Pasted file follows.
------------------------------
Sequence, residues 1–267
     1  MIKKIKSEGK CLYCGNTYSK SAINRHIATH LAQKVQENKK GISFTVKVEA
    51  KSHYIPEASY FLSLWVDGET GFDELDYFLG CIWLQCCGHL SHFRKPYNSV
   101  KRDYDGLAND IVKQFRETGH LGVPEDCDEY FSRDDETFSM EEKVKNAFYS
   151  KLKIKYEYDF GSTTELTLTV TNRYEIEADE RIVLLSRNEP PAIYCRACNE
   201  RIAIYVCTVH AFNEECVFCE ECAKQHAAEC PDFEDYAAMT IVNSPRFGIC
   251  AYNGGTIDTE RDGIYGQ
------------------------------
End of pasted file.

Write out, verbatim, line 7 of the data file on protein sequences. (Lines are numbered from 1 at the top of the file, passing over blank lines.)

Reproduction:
   251  AYNGGTIDTE RDGIYGQ